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Getting Outside the Circle

 Photos by: Jeff Tuttle
Story by: Chris Green

A Johnson County woman’s efforts have led to a growing festival that energizes 20 different groups and the broader community in a shared celebration of Asian culture.

 

Asia is a massive and diverse place. It’s the world’s largest and most populous continent, home to nearly 4.2 billion people and their many different cultures, languages, dress, dance, music and cuisines.

Carol Wei emigrated from China to the U.S in 2007 and now lives in Johnson County, a place where the Asian population has almost doubled since 2000 to nearly 25,000. It’s a growth trend that reflects changes happening across the country. According to the Pew Research Center, “Asian Americans are the highest-income, best-educated and fastest-growing racial group in the U.S., with Asians making up the largest share of recent immigrants.”

Hoping to spark interest in Asian culture and connect, assist and promote Asian-owned businesses in the region, Wei founded the Mid-America Asian Culture Association. She then decided to start an Asian Cultural Festival through the group to showcase all the cultures of Asia in a single place to advance her goal of cultivating “America-Asia friendship.”

 

  • Anchitha Honnur of the Nartan Academy of Classical Dances, performs an Indian dance during the festival’s dance competition.

 

Wei became involved in every aspect of organizing the festival. She worked to build support for a joint festival by making phone calls and meeting with other leaders in the Asian community and attending their events. She reached out to sponsors and sought the right venues for the festival. The association launched the Asian Cultural Festival in 2014, drawing about 2,000 attendees. Since then, festival attendance has skyrocketed.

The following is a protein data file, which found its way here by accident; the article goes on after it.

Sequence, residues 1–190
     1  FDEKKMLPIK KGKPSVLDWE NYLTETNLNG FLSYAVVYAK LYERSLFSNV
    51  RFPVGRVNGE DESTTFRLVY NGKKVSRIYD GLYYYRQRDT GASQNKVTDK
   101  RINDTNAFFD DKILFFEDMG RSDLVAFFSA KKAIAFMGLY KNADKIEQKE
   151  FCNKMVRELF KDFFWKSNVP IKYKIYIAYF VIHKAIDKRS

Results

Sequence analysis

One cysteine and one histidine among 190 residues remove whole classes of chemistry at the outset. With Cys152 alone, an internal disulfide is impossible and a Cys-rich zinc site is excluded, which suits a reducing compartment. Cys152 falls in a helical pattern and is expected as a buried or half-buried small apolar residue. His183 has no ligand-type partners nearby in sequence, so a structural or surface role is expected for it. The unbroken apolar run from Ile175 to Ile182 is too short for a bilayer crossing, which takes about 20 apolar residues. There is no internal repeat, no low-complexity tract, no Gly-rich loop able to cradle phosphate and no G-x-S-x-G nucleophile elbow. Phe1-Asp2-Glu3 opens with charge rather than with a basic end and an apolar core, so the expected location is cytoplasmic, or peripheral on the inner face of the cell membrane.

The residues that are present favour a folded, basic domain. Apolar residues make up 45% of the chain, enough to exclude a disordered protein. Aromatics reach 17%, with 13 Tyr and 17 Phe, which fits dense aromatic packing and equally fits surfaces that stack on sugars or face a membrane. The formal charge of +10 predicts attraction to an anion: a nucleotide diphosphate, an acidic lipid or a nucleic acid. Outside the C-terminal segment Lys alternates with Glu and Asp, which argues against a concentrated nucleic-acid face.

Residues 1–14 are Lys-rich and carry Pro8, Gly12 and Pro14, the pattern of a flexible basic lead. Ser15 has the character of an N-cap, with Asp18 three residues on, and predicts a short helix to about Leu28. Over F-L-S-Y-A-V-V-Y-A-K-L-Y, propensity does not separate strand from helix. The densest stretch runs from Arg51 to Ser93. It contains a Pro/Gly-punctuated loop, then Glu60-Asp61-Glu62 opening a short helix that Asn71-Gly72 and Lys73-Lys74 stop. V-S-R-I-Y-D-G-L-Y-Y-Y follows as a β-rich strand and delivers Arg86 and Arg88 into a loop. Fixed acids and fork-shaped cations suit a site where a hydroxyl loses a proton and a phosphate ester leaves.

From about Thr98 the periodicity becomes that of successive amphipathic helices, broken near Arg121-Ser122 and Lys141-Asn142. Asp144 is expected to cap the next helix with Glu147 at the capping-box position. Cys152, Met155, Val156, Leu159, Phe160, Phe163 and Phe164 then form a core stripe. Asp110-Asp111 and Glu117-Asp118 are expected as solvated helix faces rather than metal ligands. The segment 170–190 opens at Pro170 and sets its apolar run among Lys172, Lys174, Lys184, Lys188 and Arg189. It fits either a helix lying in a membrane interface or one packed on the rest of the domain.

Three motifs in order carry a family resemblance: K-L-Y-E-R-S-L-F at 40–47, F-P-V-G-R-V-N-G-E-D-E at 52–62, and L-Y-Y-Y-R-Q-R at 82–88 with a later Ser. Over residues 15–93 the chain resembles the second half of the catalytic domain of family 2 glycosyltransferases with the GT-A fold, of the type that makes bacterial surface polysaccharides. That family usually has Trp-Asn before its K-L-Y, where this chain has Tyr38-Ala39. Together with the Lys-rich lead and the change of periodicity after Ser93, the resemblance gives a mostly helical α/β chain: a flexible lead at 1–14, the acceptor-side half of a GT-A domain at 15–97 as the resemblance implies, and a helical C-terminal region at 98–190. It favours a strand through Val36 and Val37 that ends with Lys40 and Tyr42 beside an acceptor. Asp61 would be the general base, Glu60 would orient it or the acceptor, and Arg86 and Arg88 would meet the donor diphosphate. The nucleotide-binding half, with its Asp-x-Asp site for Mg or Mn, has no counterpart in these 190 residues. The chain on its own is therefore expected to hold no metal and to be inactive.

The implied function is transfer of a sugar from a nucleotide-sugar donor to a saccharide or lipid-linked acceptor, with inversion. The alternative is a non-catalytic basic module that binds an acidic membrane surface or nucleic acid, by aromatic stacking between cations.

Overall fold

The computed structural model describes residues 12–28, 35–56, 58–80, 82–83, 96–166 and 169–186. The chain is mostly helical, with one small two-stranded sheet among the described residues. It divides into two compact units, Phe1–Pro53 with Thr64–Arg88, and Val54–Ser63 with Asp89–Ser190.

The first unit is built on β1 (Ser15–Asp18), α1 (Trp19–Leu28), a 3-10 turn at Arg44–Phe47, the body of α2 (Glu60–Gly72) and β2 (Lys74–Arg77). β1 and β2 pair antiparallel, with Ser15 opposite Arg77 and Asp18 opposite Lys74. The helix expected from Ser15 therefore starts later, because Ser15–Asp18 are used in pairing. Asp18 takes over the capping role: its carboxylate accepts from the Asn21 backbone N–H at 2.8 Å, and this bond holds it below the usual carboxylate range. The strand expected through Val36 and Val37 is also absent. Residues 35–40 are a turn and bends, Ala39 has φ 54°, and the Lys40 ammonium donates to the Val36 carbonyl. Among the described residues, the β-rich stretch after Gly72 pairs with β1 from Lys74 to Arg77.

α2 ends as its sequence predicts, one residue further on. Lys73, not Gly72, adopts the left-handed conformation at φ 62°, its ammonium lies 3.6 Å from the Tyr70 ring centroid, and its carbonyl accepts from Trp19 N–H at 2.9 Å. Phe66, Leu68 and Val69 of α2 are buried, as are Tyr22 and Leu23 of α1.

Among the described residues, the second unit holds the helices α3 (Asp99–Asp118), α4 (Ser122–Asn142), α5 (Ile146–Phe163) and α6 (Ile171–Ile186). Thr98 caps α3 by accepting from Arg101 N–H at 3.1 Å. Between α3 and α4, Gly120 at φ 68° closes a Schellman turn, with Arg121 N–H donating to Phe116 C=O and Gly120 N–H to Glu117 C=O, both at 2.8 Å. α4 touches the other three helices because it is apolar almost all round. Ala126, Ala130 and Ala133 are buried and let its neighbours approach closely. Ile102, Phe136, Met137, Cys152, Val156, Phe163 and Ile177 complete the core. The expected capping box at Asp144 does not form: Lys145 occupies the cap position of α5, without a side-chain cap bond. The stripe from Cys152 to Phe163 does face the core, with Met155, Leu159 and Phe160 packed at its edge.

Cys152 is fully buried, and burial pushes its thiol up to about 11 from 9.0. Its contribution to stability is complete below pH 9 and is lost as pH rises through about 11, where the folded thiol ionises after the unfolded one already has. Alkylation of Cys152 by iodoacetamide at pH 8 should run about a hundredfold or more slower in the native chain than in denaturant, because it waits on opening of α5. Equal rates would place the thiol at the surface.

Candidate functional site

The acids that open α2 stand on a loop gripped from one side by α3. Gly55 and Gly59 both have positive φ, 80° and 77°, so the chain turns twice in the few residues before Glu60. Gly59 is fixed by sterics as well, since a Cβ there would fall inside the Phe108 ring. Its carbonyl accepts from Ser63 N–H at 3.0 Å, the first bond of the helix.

Wei says that attendance at the 2016 event at Olathe East High School, which featured 20 Asian country organizations as participants, reached 9,000. The festival has proved popular with non-Asians and heavily draws attendees from the community at large.

Building up support for the festival has required significant leadership. Wei says that getting people from different cultures to work together comes with challenges: “One of the difficulties to work toward a common goal is that people are not used to getting outside of their one circle, their own community.”

 

But Wei, the chairwoman of the association, has found success by inspiring participation around a collective purpose – the idea that the Kansas City region’s Asian communities can better promote their cultures through working together rather than alone.

 

Her efforts to promote Asian culture in Kansas City have been well-recognized in recent years. Wei was selected as the Kansas Minority Business Advocate of the Year in 2014 by the state Department of Commerce Office of Minority & Women Business Development. In 2015, she was chosen Person of the Year by the Kansas City Chinese Association and was also named one of “50 Kansans You Should Know” by Ingram’s magazine.

 

  • Traditional dress, modeled here by Maggie Zhang and Lauren Tang.

 

Bigger goals are on the horizon. Wei says the association’s long-term goal is to build an Asian culture park that people from all over the world can visit. Through her ongoing efforts to organize the festival, Wei says she has learned that the United States is a culturally diverse place that is capable of appreciating differences even while it seeks common ground. “Americans not only preserve their own heritage but are also interested in other cultures,” Wei says.

This article was originally published in the Fall 2016 issue of The Journal, a publication of the Kansas Leadership Center. To learn more about KLC, visit http://kansasleadershipcenter.org. For a subscription to the printed edition of The Journal, visit klcjr.nl/amzsubscribe